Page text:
Research Records (label)
01 March 2019 (released)
01 March 2019
The Melbourne Legacy: the Australian city has birthed and nurtured numerous acts namely gothic-rockers The Birthday Party, sampledelicists The Avalanches, 80s pop-purveyors Pseudo Echo and the evergreen Kylie Minogue. A creative hotbed of varying styles and sounds.
The Melbourne Identity: This three-pronged supergroup is comprised of the chief songwriters from three other bands Crepes, Dreamin' Wild and Sagamore (Chris Jennings, Sam Cooper and Tim Karmouche) with each individual bringing a distinctive and idiosyncratic approach to pure pop.
Named after a legendary strain of marijuana this 6 track album (each member composing two songs each) lives up to its properties; languid, laconic and blissed out languor drawing from myriad sources: Nigerian funk (William Onyeabor’s spartan synth-scapes), sci-fi disco (Giorgio Moroder, 1980s flexipop) and Harry Nilsson’s literary vignettes. Crossing time, space and place it all amounts to a veritable trans-global down underground.
The Melbourne Supremacy: Like contemporaries Mildlife the band affect mellow grooves and effect stoner moves. Along with Rolling Coastal Blackouts Fever and The Stroppies, the city is producing a superlative strand of indie-pop-melting-pot-pourri.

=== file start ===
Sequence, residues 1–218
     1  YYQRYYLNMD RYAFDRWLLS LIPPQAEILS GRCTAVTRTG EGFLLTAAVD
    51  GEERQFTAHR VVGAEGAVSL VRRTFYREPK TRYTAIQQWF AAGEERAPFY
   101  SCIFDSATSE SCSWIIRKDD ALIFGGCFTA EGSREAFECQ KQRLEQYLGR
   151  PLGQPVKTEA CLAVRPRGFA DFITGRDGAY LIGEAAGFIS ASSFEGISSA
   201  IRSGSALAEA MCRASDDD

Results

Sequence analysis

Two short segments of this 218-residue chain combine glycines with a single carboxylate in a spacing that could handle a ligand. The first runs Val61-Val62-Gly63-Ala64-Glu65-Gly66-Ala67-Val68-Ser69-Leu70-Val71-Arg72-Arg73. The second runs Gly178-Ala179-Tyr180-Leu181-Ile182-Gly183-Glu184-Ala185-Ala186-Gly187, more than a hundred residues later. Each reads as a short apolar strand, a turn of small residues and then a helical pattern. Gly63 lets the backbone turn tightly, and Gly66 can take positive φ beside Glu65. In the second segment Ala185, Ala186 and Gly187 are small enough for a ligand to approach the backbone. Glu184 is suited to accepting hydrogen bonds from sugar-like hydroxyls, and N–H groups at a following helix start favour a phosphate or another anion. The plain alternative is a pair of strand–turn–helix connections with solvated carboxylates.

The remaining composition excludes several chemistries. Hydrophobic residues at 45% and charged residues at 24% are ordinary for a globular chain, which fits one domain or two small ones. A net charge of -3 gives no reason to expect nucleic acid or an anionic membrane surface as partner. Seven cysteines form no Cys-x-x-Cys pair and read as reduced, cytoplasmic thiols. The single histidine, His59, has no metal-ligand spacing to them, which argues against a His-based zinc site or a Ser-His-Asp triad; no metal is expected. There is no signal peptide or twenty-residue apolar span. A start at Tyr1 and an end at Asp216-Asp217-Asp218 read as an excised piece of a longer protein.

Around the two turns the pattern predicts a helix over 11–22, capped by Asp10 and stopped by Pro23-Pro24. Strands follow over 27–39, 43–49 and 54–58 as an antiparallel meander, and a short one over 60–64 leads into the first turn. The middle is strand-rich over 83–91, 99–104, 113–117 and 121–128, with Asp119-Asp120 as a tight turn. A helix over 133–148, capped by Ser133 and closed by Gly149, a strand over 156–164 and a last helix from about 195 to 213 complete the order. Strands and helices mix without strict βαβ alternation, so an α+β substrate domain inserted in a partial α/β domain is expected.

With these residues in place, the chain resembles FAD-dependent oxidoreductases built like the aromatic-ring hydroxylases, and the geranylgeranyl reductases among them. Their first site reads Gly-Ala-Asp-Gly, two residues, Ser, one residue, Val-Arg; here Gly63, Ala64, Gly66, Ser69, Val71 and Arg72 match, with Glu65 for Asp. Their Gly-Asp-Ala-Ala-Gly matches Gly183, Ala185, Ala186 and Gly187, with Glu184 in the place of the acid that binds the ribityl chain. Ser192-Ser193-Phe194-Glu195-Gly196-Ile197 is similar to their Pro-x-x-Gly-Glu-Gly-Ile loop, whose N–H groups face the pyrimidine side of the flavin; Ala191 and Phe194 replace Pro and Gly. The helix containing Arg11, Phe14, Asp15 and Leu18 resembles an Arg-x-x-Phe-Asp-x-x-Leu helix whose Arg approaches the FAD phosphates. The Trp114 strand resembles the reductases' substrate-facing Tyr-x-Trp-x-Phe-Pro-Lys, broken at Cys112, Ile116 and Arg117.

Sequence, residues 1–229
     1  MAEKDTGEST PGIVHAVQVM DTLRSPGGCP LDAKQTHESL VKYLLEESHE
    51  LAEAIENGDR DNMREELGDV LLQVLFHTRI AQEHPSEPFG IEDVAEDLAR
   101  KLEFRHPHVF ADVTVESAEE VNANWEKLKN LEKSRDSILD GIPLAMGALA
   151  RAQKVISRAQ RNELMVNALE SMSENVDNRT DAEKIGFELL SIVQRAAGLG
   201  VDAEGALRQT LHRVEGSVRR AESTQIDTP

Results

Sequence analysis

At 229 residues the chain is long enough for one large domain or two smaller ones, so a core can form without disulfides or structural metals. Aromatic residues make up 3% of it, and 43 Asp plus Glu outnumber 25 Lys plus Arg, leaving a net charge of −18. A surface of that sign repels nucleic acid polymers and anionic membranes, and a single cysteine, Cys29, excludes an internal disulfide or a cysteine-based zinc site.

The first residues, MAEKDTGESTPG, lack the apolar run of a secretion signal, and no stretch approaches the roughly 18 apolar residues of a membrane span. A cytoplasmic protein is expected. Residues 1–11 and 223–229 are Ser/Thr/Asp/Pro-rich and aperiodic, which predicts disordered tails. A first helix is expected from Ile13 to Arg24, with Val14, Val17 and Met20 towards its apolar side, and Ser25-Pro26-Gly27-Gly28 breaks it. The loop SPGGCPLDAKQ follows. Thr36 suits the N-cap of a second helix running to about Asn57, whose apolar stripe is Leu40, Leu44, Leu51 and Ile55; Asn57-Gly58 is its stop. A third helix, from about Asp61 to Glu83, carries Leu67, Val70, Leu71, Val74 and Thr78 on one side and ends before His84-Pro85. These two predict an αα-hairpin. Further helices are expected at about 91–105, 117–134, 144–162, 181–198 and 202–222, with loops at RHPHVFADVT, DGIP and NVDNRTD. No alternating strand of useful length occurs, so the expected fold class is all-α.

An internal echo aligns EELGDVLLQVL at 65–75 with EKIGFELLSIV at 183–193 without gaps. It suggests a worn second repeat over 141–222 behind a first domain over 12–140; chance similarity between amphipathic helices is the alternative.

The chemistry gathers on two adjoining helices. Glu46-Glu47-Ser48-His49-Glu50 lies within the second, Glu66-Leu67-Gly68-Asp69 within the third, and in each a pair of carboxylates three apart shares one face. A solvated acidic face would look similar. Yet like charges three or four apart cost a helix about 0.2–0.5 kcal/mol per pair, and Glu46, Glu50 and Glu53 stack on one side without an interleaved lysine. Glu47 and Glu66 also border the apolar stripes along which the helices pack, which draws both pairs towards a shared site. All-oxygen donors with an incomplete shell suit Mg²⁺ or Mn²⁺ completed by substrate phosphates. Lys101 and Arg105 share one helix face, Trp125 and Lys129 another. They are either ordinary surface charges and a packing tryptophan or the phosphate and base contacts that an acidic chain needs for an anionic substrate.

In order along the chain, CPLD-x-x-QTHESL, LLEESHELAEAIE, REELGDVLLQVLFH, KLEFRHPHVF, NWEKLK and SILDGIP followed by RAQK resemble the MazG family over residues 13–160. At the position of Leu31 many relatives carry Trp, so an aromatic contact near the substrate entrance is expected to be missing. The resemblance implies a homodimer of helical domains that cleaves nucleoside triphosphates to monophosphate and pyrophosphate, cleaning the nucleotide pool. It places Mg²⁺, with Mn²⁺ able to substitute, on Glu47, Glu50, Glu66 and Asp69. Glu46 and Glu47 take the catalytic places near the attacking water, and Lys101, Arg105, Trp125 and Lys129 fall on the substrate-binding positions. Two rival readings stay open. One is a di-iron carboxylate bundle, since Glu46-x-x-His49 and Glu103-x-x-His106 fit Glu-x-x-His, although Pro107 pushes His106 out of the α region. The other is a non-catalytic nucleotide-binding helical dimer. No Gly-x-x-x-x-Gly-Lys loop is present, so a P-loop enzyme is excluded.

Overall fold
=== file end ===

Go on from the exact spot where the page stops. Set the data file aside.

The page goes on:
Mutant disco has a new anthem. ‘Shapeshifter’ is an Orchestral Manoeuvres in the Darkesque soul-stirrer. The song of 2019 already. Hip-hop beatmaster Money Mark ‘s echoes are heard on ‘Reflections’, a subtle organ plinks and plonks as a bluesy-woozy Robbie Robertson feel opines ‘something went wrong with the way you changed direction, something wasn’t right the way you changed reflections’. Duplicity has a mirror image.
‘As you go’ has a snake-charming hypnotic bassline that coils and recoils, warping and wrapping itself round the audio-spine, the vocals a drawl sprawl. ‘Disco’ is a dancefloor derive outlining the many places the trio have been and lived, a drive past the passed, listing them a la the KLF’s ‘It’s grim up North’ albeit this journey’s more upbeat about the paths ahead.
The jaunty and joyous ‘Free Nelly’ evokes art provocateur Genesis P. Orridge and his Psychic TV at their most poppy. Memories are recalled and (mis)remembered on ‘Tumbleweed’: visual triggers signalling the past, present, forwards, backwards and sidewards: ‘keep on driving, the wind’s behind me … home ain’t what it used to be’; laments an existential trip down a cul-de-sac of internal histories.
The Melbourne Ultimatum: This won’t be the last word on this excellent band. These six earworms aren't enough, but, it will have to do for now.